By Joab Jackson, IDG News Service
March 18, 2010 08:23 PM ET
With chip makers continuing to increase the number of cores they include on each new generation of their processors, perhaps it's time to rethink the basic architecture of today's operating systems, suggested Dave Probert, a kernel architect within the Windows core operating systems division at Microsoft.
The current approach to harnessing the power of multicore processors is complicated and not entirely successful, he argued. The key may not be in throwing more energy into refining techniques such as parallel programming, but rather rethinking the basic abstractions that make up the operating systems model.
Today's computers don't get enough performance out of their multicore chips, Probert said. "Why should you ever, with all this parallel hardware, ever be waiting for your computer?" he asked.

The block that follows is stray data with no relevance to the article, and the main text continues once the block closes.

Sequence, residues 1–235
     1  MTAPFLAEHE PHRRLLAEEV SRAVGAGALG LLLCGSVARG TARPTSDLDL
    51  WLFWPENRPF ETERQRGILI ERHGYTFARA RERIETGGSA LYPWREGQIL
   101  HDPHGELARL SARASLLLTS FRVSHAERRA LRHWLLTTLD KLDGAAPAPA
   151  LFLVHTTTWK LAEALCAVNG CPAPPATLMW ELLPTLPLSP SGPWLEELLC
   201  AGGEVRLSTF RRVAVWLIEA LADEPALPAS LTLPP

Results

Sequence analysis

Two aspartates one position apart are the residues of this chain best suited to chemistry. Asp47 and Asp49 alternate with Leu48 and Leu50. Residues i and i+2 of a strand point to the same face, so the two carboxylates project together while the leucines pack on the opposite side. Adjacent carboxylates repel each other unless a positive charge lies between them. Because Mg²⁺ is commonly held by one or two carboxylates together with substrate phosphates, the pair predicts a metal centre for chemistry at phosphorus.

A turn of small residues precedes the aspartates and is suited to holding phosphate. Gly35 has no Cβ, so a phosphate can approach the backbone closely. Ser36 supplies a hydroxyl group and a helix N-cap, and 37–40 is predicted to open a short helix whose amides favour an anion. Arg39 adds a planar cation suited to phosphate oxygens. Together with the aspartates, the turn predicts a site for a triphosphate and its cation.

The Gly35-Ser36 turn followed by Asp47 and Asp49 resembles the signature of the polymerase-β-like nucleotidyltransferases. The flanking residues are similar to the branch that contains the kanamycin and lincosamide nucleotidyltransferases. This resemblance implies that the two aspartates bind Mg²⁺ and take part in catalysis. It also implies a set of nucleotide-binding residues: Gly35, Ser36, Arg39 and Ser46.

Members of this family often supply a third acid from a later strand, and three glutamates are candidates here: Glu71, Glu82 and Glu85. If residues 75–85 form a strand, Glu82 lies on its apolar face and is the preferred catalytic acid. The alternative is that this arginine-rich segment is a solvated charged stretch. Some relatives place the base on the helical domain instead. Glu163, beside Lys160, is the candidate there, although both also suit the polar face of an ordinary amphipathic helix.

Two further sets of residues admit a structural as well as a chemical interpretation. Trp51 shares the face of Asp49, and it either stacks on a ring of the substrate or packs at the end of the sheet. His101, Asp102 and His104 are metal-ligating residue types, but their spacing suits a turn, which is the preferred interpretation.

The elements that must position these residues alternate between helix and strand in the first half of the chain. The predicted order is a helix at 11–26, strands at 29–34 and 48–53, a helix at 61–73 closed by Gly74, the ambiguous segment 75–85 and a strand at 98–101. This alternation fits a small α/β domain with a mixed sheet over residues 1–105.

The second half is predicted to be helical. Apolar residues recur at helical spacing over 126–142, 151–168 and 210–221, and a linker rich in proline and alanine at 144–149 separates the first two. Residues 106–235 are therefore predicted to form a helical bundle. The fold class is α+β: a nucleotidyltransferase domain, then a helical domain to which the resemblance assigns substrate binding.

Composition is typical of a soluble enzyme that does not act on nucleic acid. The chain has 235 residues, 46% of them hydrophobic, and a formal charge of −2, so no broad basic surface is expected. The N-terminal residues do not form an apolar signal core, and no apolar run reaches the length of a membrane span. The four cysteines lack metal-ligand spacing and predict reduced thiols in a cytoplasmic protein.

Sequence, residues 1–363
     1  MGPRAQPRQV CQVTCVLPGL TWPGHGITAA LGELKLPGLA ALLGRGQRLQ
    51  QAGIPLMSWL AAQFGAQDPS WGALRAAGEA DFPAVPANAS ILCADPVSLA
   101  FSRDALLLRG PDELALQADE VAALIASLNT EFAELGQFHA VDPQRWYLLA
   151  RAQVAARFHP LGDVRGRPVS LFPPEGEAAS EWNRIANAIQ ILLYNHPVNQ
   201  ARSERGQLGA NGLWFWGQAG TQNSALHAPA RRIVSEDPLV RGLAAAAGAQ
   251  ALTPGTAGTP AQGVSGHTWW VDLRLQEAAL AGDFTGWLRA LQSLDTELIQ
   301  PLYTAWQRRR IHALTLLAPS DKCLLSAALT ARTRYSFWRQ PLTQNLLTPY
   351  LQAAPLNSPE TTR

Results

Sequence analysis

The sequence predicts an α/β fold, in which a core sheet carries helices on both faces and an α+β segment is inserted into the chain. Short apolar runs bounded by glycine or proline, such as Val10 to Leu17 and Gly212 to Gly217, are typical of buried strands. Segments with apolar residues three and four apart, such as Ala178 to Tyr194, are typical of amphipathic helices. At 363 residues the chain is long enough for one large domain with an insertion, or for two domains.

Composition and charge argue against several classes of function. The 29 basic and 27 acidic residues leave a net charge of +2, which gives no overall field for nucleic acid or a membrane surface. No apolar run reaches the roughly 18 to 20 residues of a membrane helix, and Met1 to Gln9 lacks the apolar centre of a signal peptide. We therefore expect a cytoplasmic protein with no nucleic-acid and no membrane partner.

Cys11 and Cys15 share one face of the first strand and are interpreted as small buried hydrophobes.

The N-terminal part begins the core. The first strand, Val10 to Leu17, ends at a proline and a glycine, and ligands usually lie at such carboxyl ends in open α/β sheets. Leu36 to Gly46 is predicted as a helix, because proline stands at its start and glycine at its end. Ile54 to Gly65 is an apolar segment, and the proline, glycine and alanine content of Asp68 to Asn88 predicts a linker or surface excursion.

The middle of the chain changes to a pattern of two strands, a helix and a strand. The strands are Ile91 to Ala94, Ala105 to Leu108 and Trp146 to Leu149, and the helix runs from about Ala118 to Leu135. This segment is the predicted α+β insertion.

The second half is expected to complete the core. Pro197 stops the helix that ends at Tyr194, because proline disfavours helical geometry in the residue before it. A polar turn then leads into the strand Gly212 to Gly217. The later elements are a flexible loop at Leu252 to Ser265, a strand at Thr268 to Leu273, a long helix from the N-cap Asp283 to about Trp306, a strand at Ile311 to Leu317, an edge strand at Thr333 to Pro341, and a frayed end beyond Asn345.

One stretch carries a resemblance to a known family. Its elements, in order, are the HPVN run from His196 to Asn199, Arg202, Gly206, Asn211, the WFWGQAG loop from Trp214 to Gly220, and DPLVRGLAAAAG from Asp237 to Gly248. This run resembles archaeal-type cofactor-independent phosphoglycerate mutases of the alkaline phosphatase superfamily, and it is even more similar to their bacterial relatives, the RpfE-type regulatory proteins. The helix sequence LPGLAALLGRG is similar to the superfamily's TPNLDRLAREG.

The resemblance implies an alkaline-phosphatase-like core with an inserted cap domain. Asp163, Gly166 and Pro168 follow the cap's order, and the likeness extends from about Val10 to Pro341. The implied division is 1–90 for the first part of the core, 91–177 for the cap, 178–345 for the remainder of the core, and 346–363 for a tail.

Probert made his presentation on Wednesday at the University of Illinois at Urbana-Champaign's Universal Parallel Computing Research Center.
Probert is on the team working on the next generation of Windows, though he said the ideas in this talk did not represent any actual work his team is doing for Microsoft. In fact, he noted that many of the other architects on the Windows kernel development team don't even agree with his views.
For the talk, he set out to define what a new operating system, if designed by scratch, would look like today. He concluded it would be quite different from Windows or Unix. ..
Sunday, March 21, 2010
Microsoft architect Dave Probert sees tomorrow's OS kernel acting more like a hypervisor
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